Terrific, amazing, I thought, as I was shown to the bunk where I’d stay for the first two months of our rehearsal process before our troupe was to spend almost a year in hotels performing Shakespeare around the country. Thrilling, incredible. It was an immense privilege to be a working actor — to be a working actor doing Shakespeare no less — and that feeling of gratitude was in no way mitigated by the hard reality that my four years of state school training was worth $225 a week before taxes, plus a small stipend that would go toward meals and buying our own hotel rooms. As a recent graduate with a BFA in acting, I could have been stuck lip-synching to Buddy Holly at an amusement park or being cast as a Native American in a problematic outdoor drama in Chillicothe, Ohio. But here I was doing something respectable; noble, even.
During my hour-long commute home from work, when I’m too tired to even listen to podcasts, I listen to music. More often than might be healthy, I listen to Lana Del Rey, as she cycles through her doomy refrains about how her life is over, she’s filled with poison, she’s running like mad to heaven’s door. With their frothy melodrama, Lana’s songs tend to match my postwork mood so precisely that it doesn’t feel like listening at all. I don’t have to concentrate or pull myself in. I am already there. Listening, for most of us, doesn’t feel like doing anything. It’s more of a sensation than activity, a dreamy, ill-defined feeling stretching through us. We’re often not aware we are doing it, or even fully conscious. We literally—when we forget to shut off the television or our Spotify playlists—do it in our sleep.
But sometimes I wonder what would happen if we listened harder, or better, or more rigorously. This might seem exhausting. Am I incapable of relaxing? Probably. But music scholars insist that if we listened to music the way a musician would, understanding how notes trigger feelings, how tones take on their own textures and meanings, then we might experience something more visceral and expansive. We could push deeper into every song.
From high up, fifteen thousand feet above, where the aerial photographs are taken, 4121 Wilson Avenue, the address I know best, is a minuscule point, a scab of green. In satellite images shot from higher still, my former street dissolves into the toe of Louisiana’s boot. From this vantage point, our address, now mite-size, would appear to sit in the Gulf of Mexico. Distance lends perspective, but it can also shade, misinterpret. From these great heights, my brother Carl would not be seen.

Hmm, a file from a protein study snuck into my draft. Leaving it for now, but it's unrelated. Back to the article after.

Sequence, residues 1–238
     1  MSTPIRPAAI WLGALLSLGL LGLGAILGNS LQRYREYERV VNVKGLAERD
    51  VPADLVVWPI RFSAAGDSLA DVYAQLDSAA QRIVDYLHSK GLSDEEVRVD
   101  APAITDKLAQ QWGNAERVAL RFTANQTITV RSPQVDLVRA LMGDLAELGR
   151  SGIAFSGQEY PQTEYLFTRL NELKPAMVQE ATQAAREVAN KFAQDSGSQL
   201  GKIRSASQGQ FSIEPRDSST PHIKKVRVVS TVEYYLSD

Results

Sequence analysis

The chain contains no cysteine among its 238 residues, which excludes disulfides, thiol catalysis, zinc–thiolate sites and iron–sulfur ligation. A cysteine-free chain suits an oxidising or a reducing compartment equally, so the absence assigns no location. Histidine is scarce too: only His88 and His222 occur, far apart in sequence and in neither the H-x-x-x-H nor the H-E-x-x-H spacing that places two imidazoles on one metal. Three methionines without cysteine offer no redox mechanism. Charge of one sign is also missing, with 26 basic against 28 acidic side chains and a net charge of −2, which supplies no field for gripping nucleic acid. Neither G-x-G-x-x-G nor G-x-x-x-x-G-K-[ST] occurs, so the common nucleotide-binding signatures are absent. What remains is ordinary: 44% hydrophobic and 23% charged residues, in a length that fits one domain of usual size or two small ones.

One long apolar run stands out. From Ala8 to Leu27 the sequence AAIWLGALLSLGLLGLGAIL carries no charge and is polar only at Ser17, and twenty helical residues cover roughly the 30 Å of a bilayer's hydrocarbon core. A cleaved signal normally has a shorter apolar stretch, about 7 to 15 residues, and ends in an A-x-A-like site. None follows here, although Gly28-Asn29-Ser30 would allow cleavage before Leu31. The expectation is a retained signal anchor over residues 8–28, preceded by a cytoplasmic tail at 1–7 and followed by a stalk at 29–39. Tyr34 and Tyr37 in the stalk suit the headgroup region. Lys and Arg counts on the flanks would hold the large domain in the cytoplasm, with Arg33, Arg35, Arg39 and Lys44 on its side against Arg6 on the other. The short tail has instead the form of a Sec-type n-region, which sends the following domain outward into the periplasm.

Essayist Margaret Renkl writes about what she calls "backyard nature," which, to those of us who live in crowded cities, might call to mind creatures to trap or squash, like rats, squirrels, mice and water bugs. Renkl, however, grew up in Alabama and now lives in Tennessee, so her catalog of all creatures great and small is, at once, more expansive and accepting, and includes chickadees, red-tailed hawks, rat snakes, rattle snakes and crawdads.
When I was seven, the blurred world I took for granted was corrected with my first pair of glasses. Wearing them for the first time was a revelation — everything suddenly snapped into place, clear and sharp. And listening to my father's fairy tales while wearing glasses was wondrous — I could see clearly while getting lost.
That's the kind of astonishing illumination you'll find in The Trojan War Museum, Ayşe Papatya Bucak's debut story collection. These are stories that reflect the author's Turkish heritage and a curiosity about our human search for meaning as profound as it is lyrical. The stories are music. They beguile and illuminate with narratives about yearning and desire, circumstance and courage, resilience and discovery. Reading them, while the reading lasts, replaces seeing.
When you're a young adult living in an expensive major metropolitan area, going out to eat is both the joy and the bane of your existence. A joy, because there's a 95% chance your kitchen is tiny or your roommates are using it or there has been no time to pick up groceries in between your long commutes and multiple jobs (or all of the above). A bane, because everything is so damned expensive, no one has enough money and there's always that friend who insists on splitting the bill in half even though they ordered alcohol and a far more expensive dish than you did. James Gregor's charming and well-observed debut novel, Going Dutch, uses this particular financial awkwardness as a running metaphor for the emotional inequalities between his characters.
There are no easy answers, but in the novel’s quietly radical choice of subject matter and its open-eyed, open-hearted curiosity, it illuminates both the intimate dramas usually hidden behind closed doors and the shifting mysteries of personality and relationship.